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Published January 8th, 2020
Anderson spells out 2020 goals for the city
Lafayette Mayor Mike Anderson Photo courtesy Jeff Heyman, city of Lafayette

Though recent operational reports show the city of Lafayette in good overall shape, Mayor Mike Anderson pushed the city for more as he presented his major goals for 2020 at a December city council meeting.
The mayor kicked off his priority list by referring to the eight goals and objectives former Mayor Cam Burks spelled out for the city in 2019. Those targets included the augmentation of citywide emergency preparedness, relief of downtown traffic congestion and the development of a comprehensive transparency strategy for the city. Anderson charged the city staff to develop a proposal and a budget for delivering the eight high-priority items.
Recently passed legislation could impact the city planning and development review process, Anderson said, and his goal was for the city to increase the awareness of those impacts. For example, Senate Bill 330 changes the timeline for consideration of a project from 120 days to 90 days, with no more than five total hearings permitted. "That is going to be very difficult to do," Anderson said.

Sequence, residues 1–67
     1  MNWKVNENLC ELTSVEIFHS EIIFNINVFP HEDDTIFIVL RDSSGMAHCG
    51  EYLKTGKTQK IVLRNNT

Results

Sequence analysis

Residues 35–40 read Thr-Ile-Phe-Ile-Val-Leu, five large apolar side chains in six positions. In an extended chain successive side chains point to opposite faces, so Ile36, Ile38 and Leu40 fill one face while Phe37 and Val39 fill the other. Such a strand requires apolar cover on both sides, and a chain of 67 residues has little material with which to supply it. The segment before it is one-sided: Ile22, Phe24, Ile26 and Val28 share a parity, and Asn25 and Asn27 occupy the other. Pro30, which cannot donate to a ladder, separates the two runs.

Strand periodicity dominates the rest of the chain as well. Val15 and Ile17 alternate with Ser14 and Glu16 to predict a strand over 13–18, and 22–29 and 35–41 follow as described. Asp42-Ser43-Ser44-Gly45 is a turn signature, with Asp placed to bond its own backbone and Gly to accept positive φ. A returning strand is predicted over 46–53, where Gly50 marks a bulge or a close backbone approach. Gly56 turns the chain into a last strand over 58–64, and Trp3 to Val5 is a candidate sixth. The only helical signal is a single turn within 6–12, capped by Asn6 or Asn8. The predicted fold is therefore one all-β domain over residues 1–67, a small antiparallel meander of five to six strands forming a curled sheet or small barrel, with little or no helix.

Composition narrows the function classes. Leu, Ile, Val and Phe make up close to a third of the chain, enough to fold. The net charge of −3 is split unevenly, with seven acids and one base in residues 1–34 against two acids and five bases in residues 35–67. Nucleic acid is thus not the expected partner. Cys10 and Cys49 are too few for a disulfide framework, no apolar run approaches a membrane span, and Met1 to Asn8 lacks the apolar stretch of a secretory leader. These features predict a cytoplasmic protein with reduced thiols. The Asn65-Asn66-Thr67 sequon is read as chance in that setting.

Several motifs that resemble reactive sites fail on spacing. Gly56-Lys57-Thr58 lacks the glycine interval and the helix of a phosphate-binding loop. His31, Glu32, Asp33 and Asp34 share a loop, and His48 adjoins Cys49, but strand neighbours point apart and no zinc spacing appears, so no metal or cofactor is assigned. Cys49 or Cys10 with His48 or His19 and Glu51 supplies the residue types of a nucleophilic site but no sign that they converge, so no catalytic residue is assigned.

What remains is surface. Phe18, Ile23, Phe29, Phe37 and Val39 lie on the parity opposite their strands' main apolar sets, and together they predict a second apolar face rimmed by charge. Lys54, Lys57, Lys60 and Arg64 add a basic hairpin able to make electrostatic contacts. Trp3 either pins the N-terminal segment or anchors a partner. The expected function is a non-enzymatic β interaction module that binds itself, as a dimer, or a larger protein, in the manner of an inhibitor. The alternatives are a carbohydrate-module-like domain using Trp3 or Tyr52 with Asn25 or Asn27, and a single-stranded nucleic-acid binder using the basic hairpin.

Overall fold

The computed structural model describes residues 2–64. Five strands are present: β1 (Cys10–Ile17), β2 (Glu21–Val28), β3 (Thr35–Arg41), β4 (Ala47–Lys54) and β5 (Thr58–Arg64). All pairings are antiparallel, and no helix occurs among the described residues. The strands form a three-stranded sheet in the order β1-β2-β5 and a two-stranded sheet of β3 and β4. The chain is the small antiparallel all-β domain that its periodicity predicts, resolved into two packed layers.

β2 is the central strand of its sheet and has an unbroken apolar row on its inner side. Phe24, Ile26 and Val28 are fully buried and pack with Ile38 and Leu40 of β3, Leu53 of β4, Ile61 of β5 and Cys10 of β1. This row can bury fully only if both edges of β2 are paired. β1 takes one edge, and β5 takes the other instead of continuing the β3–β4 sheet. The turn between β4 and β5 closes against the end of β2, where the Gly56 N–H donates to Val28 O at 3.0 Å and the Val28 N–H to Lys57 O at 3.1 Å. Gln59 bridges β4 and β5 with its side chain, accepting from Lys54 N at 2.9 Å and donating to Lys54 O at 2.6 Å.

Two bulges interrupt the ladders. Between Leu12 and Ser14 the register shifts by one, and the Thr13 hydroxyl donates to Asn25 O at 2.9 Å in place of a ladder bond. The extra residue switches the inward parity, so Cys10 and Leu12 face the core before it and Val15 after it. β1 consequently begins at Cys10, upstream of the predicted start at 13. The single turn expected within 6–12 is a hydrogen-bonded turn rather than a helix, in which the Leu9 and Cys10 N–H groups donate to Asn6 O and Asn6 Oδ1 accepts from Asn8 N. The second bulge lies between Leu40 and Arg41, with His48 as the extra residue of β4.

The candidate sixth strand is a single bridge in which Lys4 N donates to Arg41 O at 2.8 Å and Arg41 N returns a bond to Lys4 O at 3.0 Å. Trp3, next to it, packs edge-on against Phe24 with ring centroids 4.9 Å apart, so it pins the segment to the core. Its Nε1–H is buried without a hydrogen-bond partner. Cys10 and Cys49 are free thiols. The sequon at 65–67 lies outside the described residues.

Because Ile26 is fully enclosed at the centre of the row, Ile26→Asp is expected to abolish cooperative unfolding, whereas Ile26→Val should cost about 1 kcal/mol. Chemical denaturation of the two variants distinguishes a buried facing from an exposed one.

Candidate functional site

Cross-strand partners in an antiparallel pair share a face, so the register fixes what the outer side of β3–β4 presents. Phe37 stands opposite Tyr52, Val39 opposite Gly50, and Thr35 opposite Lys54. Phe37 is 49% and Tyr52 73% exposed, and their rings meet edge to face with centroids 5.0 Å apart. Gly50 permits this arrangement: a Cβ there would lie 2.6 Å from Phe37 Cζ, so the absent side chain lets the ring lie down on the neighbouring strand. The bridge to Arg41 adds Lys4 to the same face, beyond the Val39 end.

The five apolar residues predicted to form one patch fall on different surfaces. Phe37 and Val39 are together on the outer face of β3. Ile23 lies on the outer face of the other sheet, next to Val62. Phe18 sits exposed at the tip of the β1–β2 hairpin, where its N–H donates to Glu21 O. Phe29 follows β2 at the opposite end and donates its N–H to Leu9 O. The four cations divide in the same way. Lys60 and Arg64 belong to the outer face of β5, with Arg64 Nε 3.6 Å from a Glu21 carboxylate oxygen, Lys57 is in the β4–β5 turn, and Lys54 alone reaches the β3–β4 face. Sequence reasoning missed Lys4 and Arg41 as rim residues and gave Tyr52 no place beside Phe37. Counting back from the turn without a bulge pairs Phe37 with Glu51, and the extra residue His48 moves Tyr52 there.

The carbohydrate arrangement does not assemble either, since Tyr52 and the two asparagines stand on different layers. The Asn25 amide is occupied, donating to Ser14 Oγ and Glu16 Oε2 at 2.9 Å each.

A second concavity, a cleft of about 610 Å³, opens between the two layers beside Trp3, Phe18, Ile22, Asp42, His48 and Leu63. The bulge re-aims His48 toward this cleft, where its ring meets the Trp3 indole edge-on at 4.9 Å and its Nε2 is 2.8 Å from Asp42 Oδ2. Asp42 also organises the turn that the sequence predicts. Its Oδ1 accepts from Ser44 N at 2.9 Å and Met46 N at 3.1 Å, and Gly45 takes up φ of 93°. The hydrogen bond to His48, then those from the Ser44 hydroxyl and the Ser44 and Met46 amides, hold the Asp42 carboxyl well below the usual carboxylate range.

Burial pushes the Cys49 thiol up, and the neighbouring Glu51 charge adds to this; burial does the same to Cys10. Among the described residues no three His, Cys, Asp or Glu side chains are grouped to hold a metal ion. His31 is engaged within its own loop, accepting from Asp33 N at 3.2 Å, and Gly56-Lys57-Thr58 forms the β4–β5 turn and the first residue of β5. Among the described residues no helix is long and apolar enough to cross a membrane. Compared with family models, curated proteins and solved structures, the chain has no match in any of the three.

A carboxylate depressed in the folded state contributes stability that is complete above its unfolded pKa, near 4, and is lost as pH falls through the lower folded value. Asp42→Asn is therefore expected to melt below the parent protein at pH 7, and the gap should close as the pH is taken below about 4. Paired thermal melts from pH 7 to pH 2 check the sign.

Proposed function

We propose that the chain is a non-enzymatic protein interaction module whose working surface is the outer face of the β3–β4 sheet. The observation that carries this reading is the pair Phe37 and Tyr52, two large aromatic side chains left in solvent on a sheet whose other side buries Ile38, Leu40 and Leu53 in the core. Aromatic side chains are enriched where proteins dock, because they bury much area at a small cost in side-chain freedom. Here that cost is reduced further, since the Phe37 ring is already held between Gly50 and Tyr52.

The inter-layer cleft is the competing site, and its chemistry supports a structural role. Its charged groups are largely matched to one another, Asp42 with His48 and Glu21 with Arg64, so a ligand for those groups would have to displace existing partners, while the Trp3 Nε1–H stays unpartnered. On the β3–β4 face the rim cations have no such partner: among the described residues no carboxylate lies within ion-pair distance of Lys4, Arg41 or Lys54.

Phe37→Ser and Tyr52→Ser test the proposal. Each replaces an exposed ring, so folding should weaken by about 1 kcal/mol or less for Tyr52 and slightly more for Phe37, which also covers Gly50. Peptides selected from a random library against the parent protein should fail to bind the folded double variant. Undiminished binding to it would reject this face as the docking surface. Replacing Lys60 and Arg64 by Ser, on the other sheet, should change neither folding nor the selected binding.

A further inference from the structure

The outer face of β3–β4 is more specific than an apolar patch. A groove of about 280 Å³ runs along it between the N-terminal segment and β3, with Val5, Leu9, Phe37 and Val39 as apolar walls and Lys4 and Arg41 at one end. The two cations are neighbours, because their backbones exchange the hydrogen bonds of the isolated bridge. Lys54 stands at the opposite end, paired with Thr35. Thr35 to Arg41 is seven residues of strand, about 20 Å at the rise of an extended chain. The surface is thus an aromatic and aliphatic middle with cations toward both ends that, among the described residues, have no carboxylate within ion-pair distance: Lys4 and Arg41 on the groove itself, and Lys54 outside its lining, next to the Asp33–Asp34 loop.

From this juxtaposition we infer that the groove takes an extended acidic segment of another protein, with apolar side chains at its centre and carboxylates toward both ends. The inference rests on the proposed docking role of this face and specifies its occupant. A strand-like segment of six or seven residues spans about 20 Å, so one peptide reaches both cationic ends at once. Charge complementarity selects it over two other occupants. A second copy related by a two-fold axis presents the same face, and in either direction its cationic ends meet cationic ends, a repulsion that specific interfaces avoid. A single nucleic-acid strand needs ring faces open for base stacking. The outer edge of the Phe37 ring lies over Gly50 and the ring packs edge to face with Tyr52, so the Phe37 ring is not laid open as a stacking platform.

The Capital Projects Assessment Committee comprises five members, and the mayor would like to add two more in 2020, with the goal to evaluate the operation of public utilities and to advise on future options. Anderson cited the development of microgrids for delivery of electrical service as a way to lessen the impacts of a citywide power shutoff. "Maybe in parts of the city we can have separate power sources that can keep the city lit in those particular areas," he said.
An unusual uptick in residential crime likely prompted the goal to review video surveillance systems in order to enhance city security. The mayor praised the work of the Lafayette Police Department, which had solved two frightening home invasion crimes in the fall, but Anderson pushed to stay ahead of the curve. "We need to keep on our toes and see if there are things out there we can do better," Anderson said.
Impressed by the Park Theater renovation, the mayor led the charge for the city to codify a density transfer ordinance, a way for developers to trade increased density for certain public amenities, like affordable housing or height restrictions.
Anderson also urged the city staff to focus on the General Plan update. "Hopefully it won't take 10 years," Anderson said. "Maybe we can get it done in five."

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